SUBIACO, Ark. (KNWA)- Breweries in the Natural State are dripping with history and economic promise for the communities around them.
From riding around with a beer brewing monk to hearing the tales of a town set free of prohibition, it’s clear that some small towns take their beer seriously.
But it’s not just the taste that attracts Arkansans, it’s how it makes their city grow and prosper.
“As far as monastic breweries in the U.S., there’s only three and we’re one of them,” said Brother Basil Taylor from Subiaco Abbey.
Stretched over 2,000 acres of land, Subiaco Abbey is the home of Catholic monks, a boarding school, and now a brewery.
Br. Basil said, “We had to get out of the cattle business because it was too labor-intensive for us and so that kind of freed up us younger monks to do other things.”
The monastery was founded 140 years ago in 1878.
Country Monks Brewing is relatively new to the holy grounds, only five months old.
“We brew probably five batches a week,” Br. Basil said.
While the monastery/brewery combo might be rare to us, it’s actually not unusual.
Br. Basil said back in the day, every monastery housed a brewery as a way to generate clean drinking water.
“It was a way to get the western world out of the plague,” he said.
Fast forward 800 years and this monastery is supporting the city of Subiaco in the same way.
“We’re actually the water treatment for the whole town of Subiaco,” Br. Basil said. “The monastery is.”
But, it doesn’t stop there. He said the town is built around the institution.
“We’re one of the largest employers here in town. There’s another manufacturing corporation, but we’re probably one of the bigger reasons the town is still around nowadays,” said Br. Basil.
To make sure they aren’t losing sight of what’s important, Country Monks Brewing is only open to the public one day a week.
Br. Basil said, “Our main job here is to pray. It’s not to make beer, it’s not to raise cows, it’s to pray.”
But, the beer business still supports their way of life.
It takes care of the young and the old; supporting the education of 7th-12th graders at their boarding school and the retirement of the elder monks.
Country Monks Brewing has five different unique beers: an amber, a stout, an Irish red, a pale ale and a raspberry wheat beer.
The same year Br. Basil started brewing beer on the holy grounds of Subiaco Abbey, Brick and Forge in Harrison opened its doors.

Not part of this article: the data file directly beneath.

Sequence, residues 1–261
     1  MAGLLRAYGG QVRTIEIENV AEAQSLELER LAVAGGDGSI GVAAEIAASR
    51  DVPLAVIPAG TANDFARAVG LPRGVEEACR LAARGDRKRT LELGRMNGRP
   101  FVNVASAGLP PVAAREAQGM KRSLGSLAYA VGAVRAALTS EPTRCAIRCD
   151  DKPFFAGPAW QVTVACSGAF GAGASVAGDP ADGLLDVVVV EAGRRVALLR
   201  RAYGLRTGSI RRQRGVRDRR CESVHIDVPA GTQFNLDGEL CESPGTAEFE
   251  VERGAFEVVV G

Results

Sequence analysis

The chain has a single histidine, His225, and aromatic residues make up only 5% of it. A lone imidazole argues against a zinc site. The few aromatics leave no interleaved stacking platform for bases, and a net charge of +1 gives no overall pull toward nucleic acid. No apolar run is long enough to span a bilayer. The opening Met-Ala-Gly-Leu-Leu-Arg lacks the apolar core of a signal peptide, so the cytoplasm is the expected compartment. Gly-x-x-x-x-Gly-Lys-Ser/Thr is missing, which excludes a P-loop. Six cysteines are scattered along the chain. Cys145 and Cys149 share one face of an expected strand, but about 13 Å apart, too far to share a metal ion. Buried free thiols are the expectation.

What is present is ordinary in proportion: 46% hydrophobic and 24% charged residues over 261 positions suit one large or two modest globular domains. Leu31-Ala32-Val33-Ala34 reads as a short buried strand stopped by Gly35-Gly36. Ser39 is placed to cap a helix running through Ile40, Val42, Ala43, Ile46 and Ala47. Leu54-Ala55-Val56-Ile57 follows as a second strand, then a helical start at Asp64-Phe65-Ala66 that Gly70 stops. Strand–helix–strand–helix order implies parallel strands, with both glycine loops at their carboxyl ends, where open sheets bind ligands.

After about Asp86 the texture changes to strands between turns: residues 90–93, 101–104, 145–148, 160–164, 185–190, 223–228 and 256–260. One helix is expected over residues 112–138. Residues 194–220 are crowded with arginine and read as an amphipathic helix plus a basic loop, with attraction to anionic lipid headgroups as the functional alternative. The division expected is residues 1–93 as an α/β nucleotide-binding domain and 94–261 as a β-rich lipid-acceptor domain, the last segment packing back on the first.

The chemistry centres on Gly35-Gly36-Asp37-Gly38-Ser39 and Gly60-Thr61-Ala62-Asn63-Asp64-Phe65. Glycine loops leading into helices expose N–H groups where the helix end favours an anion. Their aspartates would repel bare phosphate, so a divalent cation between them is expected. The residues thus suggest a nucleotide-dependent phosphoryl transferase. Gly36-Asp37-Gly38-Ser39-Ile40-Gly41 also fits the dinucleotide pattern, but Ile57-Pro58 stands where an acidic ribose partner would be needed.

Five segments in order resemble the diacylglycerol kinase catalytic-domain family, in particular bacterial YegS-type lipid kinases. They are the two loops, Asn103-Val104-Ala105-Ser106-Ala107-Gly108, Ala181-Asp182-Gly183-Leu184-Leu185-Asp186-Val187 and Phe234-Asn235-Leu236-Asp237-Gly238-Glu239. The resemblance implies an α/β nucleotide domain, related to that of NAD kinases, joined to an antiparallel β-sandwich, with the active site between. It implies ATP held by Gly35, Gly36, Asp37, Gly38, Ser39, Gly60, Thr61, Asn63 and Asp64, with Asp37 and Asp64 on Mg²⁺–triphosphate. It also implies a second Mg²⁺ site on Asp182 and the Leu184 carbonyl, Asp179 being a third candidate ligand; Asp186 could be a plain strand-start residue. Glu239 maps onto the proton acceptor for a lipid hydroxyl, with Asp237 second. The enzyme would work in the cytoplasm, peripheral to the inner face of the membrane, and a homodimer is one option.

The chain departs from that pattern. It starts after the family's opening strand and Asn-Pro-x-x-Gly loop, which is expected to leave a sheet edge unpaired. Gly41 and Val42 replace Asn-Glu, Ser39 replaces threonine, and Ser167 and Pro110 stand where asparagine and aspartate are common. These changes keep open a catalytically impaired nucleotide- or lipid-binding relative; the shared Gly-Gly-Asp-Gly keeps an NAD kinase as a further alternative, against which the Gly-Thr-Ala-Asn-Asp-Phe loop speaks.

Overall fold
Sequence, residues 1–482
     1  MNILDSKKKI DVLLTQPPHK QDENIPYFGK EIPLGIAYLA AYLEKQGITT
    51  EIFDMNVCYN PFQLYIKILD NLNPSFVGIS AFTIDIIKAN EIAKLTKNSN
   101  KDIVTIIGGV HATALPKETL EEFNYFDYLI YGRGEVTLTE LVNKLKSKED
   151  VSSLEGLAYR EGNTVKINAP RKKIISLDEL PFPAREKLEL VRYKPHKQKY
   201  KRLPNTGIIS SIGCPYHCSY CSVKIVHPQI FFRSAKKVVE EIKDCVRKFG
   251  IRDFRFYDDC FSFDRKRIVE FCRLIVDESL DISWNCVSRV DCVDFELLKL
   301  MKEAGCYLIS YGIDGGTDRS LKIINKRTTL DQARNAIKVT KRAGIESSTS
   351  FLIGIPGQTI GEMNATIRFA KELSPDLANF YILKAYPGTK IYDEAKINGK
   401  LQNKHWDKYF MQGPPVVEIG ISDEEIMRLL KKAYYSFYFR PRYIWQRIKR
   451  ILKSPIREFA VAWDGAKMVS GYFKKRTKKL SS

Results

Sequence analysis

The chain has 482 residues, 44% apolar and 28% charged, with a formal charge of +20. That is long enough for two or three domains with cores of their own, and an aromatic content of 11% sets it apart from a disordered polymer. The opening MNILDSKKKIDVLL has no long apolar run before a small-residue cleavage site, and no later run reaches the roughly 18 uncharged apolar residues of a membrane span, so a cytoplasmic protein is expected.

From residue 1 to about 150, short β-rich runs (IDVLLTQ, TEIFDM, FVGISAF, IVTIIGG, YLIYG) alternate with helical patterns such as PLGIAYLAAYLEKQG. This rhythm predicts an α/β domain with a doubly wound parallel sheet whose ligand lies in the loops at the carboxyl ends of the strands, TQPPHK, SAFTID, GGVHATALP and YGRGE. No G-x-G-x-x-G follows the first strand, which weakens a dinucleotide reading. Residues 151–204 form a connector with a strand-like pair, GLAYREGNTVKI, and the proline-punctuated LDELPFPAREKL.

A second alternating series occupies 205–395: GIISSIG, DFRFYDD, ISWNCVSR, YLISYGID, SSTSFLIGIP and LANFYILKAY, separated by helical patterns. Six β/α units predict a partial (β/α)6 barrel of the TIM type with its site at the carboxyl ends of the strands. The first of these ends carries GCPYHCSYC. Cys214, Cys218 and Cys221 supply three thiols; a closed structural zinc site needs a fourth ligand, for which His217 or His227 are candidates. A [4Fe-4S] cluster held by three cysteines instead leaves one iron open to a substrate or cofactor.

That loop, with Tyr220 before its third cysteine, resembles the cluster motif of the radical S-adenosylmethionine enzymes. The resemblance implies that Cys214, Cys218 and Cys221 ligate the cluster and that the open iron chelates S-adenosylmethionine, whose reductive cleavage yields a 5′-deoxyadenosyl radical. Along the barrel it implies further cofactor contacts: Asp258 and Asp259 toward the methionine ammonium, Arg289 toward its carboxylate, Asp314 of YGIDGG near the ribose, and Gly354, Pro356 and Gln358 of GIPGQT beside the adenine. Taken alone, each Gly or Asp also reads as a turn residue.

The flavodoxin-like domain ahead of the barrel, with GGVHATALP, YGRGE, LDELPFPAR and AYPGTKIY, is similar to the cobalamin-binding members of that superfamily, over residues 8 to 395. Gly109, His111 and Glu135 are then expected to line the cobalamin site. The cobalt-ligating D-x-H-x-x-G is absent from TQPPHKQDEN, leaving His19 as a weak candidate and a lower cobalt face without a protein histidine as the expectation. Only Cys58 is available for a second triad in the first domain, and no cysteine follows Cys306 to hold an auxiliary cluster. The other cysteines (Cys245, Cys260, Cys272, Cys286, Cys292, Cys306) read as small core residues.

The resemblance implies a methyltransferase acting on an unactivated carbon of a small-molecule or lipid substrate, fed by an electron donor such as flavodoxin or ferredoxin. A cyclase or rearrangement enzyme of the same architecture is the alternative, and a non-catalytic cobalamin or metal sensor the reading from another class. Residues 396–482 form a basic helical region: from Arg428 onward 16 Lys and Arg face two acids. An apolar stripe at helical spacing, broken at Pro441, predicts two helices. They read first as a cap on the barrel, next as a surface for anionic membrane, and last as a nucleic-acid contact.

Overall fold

This Boone County brewery opened in 2012 shortly after the county became wet, giving residents a taste of what they had been missing since the 1940s.
Kenny Peden, the head brewer at Brick and Forge Brew Works said they “kinda came in right on the front end of the little alcohol boom here in Harrison.”
And it’s the only one of its kind.
“Before prohibition, every town had a brewery. That’s where you got your beer. There were no refrigerated trucks and what not so if you wanted a beer, you went to your local pub. After prohibition, that kind of all got shut down and most of the breweries didn’t open back up,” said Peden.
Kenny Peden is the head brewer here and has five different core beers he’s created.
“You don’t have to drink can, factory-made beer,” Peden said. “You can drink something that’s truly unique and special through your community.”
His beers include Broken Hammer IPA, Peacepipe Pale Ale, Troubled Horse Porter, Dirty Sally Brown Ale and Brick and Forge Blonde Ale.
“It’s just what I really love to do,” he said.
But just like Country Monks Brewing, what Peden does serves a bigger purpose.
He said, “Everything we do here is putting money right back into the community.”
Most profits from their events go to a local charity.
“We’ve supported everything from the library here to the historical society, our convention and visitors bureau is a great partner of ours,” Peden said.
To him, breweries are just as vital to the community as any other staple.
“You got a baker, you got a butcher, why not a brewery?” Peden asked.
Brother Basil Taylor said, “It might be a little hard to find, but it’s worth your while.”